Fuse

    a short piece of metal that melts when too large a current passes through it

    Circuit breaker

    an automatic switch that opens when the current reaches a threshold value

    Ground-fault interrupter

    an electric outlet that prevents injuries (electrocution) because it contains an electric circuit that detects small differences in current cause by an extra current path and opens the circuit

    Combination series-parallel circuit

    a circuit which includes series and parallel branches

    Ammeter

    a device that is used ot measure the current in any branch or part of a circuit

    Voltmeter

    a device used to measure the voltage drop across a poriton of a circuit - connected in parallel with resistor

    Coulomb´s Law

    F=K(q1+q2)/r^2

    Electric charge can not be created or destroyed

    True

    Charging

    The separation of electric charges

    Electric Field Strength

    E= F(on)q´/q´

    Electric Potential Difference

    (change in)V=W(on)q´/q´

    Electric Field

    E=F/q´

    Gravitational Force

    g=F/m

    Electric Potential Difference in a Uniform Field

    (change in)V=Ed

    Capacitance Equation

    C=q/(change in)V

    Power

    P=IV, P=(I^2)(R), P=(V^2)/(R)

    Resistance

    R=V/I

    Current

    I=V/R

    R(eq) IN SERIES

    R=R1+R3.....

    R(eq) IN PARALLEL

    1/R=1/R1+1/R2...

    Potential Difference

    A condition that must exist between two points in a conductor in order to maintain a flow of charge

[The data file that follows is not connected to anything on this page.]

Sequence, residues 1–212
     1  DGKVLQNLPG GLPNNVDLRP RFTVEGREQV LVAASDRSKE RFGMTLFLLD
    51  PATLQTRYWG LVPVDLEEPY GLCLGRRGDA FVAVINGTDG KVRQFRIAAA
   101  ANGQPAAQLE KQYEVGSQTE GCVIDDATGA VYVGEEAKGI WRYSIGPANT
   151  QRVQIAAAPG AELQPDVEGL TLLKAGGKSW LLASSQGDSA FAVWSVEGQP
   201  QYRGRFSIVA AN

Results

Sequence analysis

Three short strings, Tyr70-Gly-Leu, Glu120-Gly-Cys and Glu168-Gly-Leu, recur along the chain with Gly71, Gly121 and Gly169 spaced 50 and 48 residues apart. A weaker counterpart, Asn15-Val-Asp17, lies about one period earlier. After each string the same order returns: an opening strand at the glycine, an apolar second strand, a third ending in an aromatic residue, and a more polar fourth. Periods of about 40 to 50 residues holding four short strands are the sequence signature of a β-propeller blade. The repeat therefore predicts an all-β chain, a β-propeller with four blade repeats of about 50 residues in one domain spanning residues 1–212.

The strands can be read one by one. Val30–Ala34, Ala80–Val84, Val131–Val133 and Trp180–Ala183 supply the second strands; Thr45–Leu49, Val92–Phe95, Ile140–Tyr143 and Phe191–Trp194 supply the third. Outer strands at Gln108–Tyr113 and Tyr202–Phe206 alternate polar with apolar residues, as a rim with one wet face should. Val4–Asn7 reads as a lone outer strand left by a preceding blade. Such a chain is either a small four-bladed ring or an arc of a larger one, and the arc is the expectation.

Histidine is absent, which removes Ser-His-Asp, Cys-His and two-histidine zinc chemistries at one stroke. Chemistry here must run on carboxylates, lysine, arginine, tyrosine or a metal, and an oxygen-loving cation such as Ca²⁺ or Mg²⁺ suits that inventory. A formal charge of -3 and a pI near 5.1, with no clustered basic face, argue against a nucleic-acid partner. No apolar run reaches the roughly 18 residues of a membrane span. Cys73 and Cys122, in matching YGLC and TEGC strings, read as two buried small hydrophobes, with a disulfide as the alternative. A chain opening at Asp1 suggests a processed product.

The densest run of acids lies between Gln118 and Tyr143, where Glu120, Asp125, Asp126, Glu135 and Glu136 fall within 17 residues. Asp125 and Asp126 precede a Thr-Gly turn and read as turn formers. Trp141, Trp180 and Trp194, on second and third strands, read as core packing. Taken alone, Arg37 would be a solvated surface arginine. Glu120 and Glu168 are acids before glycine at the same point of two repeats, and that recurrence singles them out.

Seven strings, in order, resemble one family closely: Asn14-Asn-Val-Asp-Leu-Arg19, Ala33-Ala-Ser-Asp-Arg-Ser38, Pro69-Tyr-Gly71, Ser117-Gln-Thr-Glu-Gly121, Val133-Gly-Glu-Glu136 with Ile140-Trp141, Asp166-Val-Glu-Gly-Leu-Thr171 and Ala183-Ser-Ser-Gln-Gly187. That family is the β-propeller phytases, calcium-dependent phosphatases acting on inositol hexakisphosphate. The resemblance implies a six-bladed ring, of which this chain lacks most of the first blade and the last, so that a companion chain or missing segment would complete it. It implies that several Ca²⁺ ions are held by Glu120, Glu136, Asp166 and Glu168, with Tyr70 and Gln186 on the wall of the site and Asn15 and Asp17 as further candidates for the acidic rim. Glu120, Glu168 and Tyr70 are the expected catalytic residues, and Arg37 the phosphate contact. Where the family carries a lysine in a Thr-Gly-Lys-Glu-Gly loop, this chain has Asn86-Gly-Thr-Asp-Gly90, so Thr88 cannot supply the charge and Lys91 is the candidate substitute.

Equations with time

    I=q/t

    Current in SERIES

    I=I1=I2=I3....(EQUAL)

    Current in Parallel

    I=I1+I2+I3....(ADD)

    Voltage in SERIES

    V=V1+V2+V3...(ADD)

    Voltage in PARALLEL

    V=V1=V2=V3...(EQUAL)

    Unit for Resistance

    OHMS

    Please allow access to your computer’s microphone to use Voice Recording.

    Having trouble? Click here for help.

    We can’t access your microphone!

    Click the icon above to update your browser permissions above and try again

    Example:

    Reload the page to try again!

    Reload

    Press Cmd-0 to reset your zoom

    Press Ctrl-0 to reset your zoom

    It looks like your browser might be zoomed in or out. Your browser needs to be zoomed to a normal size to record audio.

    Please upgrade Flash or install Chrome
    to use Voice Recording.

    For more help, see our troubleshooting page.

    Your microphone is muted

    For help fixing this issue, see this FAQ.

    Star this term

    You can study starred terms together

    ! Voice Recording

    This is a Plus feature